Saturday, May 3, 2008
Driving in DF - Adventures in Mortality
(Okay, not the classiest graphic to pull off Google to illustrate the traffic reality of DF, but seriously, typical. And I think the thought bubble is just as accurate- "F***, it's a three-day weekend and I want to go get trashed!!" For me, the measure of my progress at learning Spanish wasn't the usual benchmark of dreaming in Spanish, but rather swearing like mad in Spanish in my head...often while driving here in fact.)
My friend, Ana, called me the other day, elated. "Guess what? I got a driver's license!" That she was pursuing a driver's license was news to me "...Yeah, I went with my boyfriend and my sister and we all got one!"
"That's great, Ana! What did you have to do?"
"There was a test, we did really bad. But they still gave it to us. I don't even know how to drive!"
And there you have it, my friends. DF is a seething mass of narrow, one-way streets, hidden stop signs, blind corners and illegally parked cars populated by drivers who don't know how to drive and insane taxi drivers. But no worries, mom!
Let's start with some basic survival tips:
1. Drive a tank. Not possible? Too bad...
2. Drive like a maniac. This may some counterintuitive. In the U.S., we have this informal thing called the "Rules of the Road" that is basically a set of assumptions like if we arrive to a stop sign at the same time, the person on the right will proceed first. It's not that Mexicans don't have a shared set of assumptions, they're just different ones. Really, they're a set of things you can't assume such as: That the other drivers know how to drive. That they will use their turn signals. That they will stop at stop signs and red lights. That they will go the correct direction on one-way streets. Basic stuff like that. So, if you make a very strong stop at a stop sign, you see, the guy behind you was not expecting to do that, so he might quite rightfully rear-end you. Kind of coast through if possible. And when you're at an unmarked intersection, just keep inching the nose of your car forward until you're blocking them and they have to let you pass.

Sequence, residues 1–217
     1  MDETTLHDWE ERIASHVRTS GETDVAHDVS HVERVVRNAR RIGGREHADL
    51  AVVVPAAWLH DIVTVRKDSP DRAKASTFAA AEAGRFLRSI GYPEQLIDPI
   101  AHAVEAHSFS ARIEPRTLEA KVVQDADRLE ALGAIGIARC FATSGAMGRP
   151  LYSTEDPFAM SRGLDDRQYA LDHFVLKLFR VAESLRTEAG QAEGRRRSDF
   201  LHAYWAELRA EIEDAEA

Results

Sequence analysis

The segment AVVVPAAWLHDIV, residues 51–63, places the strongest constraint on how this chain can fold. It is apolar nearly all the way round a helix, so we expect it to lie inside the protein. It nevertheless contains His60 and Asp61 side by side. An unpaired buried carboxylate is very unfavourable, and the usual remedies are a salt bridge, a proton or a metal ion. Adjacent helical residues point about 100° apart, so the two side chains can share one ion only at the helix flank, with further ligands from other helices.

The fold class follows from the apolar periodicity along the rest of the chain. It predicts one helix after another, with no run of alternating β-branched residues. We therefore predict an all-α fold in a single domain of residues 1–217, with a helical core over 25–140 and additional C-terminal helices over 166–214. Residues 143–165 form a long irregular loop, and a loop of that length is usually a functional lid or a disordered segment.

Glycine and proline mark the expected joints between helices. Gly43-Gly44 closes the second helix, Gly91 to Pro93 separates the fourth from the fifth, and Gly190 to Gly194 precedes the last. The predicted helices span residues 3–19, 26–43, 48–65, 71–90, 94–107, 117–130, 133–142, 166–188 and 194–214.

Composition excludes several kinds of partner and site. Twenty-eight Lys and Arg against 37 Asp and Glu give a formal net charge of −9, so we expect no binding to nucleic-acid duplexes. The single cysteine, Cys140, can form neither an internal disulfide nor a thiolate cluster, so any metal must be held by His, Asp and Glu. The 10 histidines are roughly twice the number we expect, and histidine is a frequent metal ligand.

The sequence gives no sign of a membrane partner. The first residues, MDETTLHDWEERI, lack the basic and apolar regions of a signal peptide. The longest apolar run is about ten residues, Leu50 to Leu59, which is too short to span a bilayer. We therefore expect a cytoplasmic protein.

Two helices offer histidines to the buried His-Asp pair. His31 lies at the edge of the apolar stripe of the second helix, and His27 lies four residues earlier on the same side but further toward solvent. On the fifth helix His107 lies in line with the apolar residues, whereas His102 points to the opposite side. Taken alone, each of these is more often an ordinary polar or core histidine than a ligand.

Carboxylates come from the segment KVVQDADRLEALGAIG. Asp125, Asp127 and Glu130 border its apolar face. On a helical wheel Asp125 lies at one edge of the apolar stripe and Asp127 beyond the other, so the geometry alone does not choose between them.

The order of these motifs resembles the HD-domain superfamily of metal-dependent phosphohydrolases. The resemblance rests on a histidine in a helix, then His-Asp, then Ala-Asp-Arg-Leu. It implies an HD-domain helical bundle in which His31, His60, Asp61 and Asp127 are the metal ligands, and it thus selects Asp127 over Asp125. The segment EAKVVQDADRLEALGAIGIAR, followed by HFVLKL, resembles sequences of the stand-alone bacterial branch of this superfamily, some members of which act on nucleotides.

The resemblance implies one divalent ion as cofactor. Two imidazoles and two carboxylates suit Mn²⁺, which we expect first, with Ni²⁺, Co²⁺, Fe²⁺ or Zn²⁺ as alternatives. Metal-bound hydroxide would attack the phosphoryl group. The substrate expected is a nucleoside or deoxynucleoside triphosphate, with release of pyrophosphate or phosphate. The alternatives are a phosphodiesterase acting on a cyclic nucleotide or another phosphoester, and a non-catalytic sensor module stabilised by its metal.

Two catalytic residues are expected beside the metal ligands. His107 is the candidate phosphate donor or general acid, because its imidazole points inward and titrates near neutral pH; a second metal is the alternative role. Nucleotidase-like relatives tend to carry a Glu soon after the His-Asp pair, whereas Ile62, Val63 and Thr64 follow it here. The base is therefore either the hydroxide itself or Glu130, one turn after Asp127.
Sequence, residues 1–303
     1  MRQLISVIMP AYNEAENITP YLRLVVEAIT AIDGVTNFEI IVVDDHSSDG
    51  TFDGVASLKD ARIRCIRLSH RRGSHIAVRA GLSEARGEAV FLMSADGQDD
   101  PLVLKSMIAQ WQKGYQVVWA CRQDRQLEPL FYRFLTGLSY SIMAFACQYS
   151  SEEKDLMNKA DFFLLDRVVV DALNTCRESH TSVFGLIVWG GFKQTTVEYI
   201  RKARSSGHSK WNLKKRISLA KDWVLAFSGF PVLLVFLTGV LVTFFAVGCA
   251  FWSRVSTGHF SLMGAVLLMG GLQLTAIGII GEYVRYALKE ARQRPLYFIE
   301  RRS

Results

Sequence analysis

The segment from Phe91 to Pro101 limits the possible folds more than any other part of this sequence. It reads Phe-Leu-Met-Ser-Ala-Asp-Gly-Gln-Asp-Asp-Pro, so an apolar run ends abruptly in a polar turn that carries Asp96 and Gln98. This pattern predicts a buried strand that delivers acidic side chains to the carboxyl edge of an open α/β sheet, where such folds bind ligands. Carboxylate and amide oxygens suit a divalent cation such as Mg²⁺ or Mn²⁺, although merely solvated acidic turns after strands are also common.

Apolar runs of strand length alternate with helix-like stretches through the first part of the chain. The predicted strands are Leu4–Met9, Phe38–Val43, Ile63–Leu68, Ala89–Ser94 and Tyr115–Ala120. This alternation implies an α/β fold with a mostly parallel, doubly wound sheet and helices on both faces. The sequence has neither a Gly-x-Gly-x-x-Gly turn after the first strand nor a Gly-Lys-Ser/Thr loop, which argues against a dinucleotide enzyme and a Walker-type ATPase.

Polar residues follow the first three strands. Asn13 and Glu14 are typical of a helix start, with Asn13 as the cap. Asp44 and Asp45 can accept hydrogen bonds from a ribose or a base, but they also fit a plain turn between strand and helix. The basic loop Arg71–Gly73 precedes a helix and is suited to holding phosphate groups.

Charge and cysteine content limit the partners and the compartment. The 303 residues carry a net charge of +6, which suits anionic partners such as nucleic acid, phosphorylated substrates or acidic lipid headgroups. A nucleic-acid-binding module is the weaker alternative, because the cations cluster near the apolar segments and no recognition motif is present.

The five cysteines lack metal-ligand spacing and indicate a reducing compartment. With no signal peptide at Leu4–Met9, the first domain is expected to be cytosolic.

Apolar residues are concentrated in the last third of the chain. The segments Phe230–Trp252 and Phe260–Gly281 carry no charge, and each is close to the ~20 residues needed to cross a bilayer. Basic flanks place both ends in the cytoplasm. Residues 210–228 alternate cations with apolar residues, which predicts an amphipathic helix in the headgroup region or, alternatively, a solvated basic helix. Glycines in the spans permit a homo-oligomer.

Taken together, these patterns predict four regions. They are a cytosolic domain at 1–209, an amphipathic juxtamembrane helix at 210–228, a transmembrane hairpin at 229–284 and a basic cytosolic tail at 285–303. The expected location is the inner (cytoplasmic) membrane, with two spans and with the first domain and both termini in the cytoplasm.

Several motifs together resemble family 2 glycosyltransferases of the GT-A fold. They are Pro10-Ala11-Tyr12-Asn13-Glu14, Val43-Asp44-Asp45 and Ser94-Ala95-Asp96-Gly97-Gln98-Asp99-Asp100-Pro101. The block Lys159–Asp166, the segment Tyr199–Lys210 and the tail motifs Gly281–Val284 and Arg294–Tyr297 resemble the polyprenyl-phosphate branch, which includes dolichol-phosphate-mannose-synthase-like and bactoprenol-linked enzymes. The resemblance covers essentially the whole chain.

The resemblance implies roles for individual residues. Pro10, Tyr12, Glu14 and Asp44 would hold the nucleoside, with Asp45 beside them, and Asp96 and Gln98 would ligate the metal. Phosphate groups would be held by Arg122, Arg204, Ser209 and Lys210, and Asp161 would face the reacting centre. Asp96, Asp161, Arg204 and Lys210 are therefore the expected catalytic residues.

3. Lay on the horn. Even if you can see that they are boxed in and can't do anything to get out of the way. DF is far too quiet and it really helps.
4. Wear a seatbelt. If you have one in your car. Not because of a strong belief in its power to protect you, but because the polis will now pull you over and charge a mordida. Ditto on talking on your cell.
5. Tie a rosary around the rear-view mirror and that should pretty much protect you from any traffic accident. Taxi drivers might want to double up with a shiny Virgen of Guadalupe sticker as well. The Playgirl bunny sticker probably doesn't hurt either.
Postscript: This article from the L.A. Times says it better than I ever could. With the bonus of research, interviews and historical context. Buenisimo.
Post-Postscript: The photo above is from a blog rant about traffic before three-day weekends, which I will offer up as Mexican Spanish 101 for this week as it correctly utilizes in just three paragraphs these key expressions: No mames, pinche, desmadre, putamadre, cabron, pedo, chupar, vete a la verga and chinga su madre (which you, FYI, should NOT use). Let the learning begin. Click here.